The offer of an extra £100 for every new regular donor to International Health Partners has been extended, but only if you set up a regular gift before 17 May!
A trust has pledged up to £5,000 in funding to support our work, but only if we find 50 new regular donors. Can we count on you?
HRH The Prince of Wales has renewed his 15-year patronage of IHP, and has recorded a warm message of support for our work. Watch the video below.
IHP welcomes new healthcare partner, Lundbeck
We’re delighted to announce a new partnership with H. Lundbeck A/S, the Denmark-based, global pharmaceutical company specialising in brain diseases. Manufactured to be donated, the medication provided by Lundbeck will enable IHP to offer its first ever targeted mental health programme, and will focus on the Middle East & Africa region (MEA).
Mental health is an area with massive unmet needs, widespread stigmatization, and a lack of funding compared to other healthcare areas, despite ample evidence of socio-economic benefits. Access to treatment and services for mental health is an element of healthcare provision which is often overlooked and unequal in who it serves. In the MEA region, as well as disruptions to health services, the harsh economic downturn in the wake of the pandemic, has left many unable to afford the healthcare provision they need.
The first shipment of medicines will be arriving in Lebanon later this month. We’ll share more news over the coming months about this partnership and the many positive impacts it will have on the lives of those struggling with mental health diseases.
Thanks to supporters like you, Daniel's leg was saved
In The Dominican Republic, through IHP’s in-country partner Food For The Poor, we were able to deliver 107,840 treatments of the antibiotic vancomycin. Daniel*, 65, suffers from kidney failure and diabetes, and has been attending a health centre in Santo Domingo for more than six months. Antibiotic use is necessary in the centre’s outpatient hemodialysis unit because patients receiving dialysis are at increased risk of infection. “Because of my diabetes, I had developed an ulcer on my right foot, but it is getting better now,” said Daniel. In his case, the recent protection afforded by this donation of vancomycin has saved him from losing his leg to amputation.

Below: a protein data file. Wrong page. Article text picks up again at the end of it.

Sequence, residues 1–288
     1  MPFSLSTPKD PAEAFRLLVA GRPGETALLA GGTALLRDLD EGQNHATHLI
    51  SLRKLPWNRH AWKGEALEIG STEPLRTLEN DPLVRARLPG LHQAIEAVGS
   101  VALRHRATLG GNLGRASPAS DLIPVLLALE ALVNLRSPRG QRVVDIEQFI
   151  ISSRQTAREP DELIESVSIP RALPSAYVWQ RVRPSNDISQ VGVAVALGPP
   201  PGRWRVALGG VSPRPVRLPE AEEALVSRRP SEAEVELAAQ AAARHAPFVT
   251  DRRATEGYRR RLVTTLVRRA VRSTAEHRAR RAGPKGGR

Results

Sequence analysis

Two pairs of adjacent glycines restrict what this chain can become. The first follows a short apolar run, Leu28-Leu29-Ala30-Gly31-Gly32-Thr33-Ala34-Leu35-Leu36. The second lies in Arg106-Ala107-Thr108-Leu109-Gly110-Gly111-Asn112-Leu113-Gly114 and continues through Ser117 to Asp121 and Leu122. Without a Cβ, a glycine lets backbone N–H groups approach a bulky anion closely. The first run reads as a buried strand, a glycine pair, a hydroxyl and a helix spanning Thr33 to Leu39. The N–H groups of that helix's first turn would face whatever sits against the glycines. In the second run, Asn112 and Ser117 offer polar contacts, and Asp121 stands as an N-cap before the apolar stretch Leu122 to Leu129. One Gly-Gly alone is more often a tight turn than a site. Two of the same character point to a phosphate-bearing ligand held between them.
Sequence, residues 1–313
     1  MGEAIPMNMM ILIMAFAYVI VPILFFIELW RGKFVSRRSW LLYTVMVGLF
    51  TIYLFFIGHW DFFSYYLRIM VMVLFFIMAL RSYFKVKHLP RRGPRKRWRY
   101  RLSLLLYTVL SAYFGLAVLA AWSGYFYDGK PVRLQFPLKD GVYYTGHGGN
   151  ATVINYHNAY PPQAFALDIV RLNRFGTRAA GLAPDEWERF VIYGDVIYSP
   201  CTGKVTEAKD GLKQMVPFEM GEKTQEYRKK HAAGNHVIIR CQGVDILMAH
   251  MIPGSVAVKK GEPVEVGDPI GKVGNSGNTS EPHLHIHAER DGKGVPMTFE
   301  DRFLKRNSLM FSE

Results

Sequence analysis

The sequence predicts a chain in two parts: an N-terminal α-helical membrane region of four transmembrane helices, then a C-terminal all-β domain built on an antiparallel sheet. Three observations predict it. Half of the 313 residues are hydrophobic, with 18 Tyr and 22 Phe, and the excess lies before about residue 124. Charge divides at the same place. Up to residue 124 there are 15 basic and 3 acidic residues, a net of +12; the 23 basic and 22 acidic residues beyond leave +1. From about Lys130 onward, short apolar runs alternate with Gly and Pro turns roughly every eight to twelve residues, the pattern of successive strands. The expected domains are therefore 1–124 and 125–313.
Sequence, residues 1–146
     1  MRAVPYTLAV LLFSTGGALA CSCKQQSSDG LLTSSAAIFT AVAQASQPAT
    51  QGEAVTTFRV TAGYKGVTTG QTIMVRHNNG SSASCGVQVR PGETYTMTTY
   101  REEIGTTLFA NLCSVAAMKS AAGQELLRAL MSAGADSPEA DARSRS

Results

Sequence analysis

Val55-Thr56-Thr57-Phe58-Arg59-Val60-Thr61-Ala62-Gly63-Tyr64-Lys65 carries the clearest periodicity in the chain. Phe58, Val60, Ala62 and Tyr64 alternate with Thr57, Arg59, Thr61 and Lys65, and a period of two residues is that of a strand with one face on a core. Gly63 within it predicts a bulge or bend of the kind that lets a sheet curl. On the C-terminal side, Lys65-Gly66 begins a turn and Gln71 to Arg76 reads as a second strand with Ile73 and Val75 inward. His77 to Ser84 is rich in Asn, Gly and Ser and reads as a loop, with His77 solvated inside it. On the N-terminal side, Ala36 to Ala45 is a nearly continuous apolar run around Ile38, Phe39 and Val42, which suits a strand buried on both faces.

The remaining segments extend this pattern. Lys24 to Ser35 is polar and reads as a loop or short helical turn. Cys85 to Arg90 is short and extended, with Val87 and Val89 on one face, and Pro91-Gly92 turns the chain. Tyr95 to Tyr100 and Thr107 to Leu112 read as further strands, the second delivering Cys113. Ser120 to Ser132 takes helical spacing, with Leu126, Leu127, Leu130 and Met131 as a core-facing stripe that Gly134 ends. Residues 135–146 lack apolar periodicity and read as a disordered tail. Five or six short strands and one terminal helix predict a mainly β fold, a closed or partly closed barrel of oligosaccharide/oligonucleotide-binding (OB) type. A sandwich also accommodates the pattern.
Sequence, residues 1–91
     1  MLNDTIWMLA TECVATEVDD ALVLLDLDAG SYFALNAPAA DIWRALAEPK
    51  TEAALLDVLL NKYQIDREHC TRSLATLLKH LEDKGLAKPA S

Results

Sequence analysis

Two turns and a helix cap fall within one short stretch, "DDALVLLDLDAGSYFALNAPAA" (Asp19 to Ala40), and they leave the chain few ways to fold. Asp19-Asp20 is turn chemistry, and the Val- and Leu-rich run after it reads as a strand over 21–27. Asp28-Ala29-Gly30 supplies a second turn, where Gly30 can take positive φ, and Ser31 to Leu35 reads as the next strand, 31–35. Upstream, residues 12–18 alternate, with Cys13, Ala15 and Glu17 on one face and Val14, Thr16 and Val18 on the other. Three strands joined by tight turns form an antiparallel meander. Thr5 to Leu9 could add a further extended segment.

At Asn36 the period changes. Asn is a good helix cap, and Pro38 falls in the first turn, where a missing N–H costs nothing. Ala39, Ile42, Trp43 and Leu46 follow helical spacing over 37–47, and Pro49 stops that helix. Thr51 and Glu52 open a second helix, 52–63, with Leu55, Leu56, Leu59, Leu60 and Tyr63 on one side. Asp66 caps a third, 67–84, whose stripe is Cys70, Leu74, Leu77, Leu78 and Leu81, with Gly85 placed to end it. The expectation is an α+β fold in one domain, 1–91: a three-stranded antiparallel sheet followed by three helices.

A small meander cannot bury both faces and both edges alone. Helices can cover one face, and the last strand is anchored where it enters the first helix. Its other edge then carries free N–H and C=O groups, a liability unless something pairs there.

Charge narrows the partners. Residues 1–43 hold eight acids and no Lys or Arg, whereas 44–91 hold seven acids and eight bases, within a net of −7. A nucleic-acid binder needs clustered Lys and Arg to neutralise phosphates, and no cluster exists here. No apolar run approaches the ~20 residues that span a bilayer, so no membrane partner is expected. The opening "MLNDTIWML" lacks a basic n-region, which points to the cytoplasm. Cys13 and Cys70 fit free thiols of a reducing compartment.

* Patient name and some details may have been changed to protect privacy
Essential medicines reach Yemen
Yemen’s prolonged war has produced the world’s worst humanitarian crisis, with more than 80% of the country’s 30.5 million people in need of some form of humanitarian assistance. Working with our in-country partner, International Medical Corps, we recently sent a shipment of 109,150 treatments of essential medicine to Yemen. Dr Nebras, Acting Medical Coordinator said: “we thank IHP for their generous sensing of this need and for extending an effective help for the second time during the [past] two years. This support has a great impact on the continuation of health services in the geographical areas supported by International Medical Corps and on a variety of vulnerable groups. I really believe we are making a difference and I am grateful that there are people outside of Yemen investing in our future.”
Will IHP be affected by recent funding cuts?
The UK government recently took the decision to cut its annual foreign aid commitment from 0.7% to 0.5% of gross national income. This, say UK charities and aid organisations, will represent a tragic blow to many of the world’s most marginalised people.
Whilst IHP does not receive funding from the Foreign, Commonwealth and Development Office (FCDO), many of our partners do, and they have already seen programmes cut as a result. These programmes are a lifeline to many around the world, and the fallout will be felt hardest by those they’re designed to serve. We also anticipate the knock-on effects on other funding opportunities as more NGOs apply to these in the absence of government funding.
We stand with our partners and peers in the sector who are directly affected by these funding cuts, and will be doing all we can to advocate for the reversal of the decision by our government. We remain incredibly grateful to all our funders and individual supporters for continuing to get behind our work.
Together, we can provide better access to medicine and healthcare for those living in vulnerable and disaster-hit communities. Thank you for your ongoing support.
Adele Paterson - CEO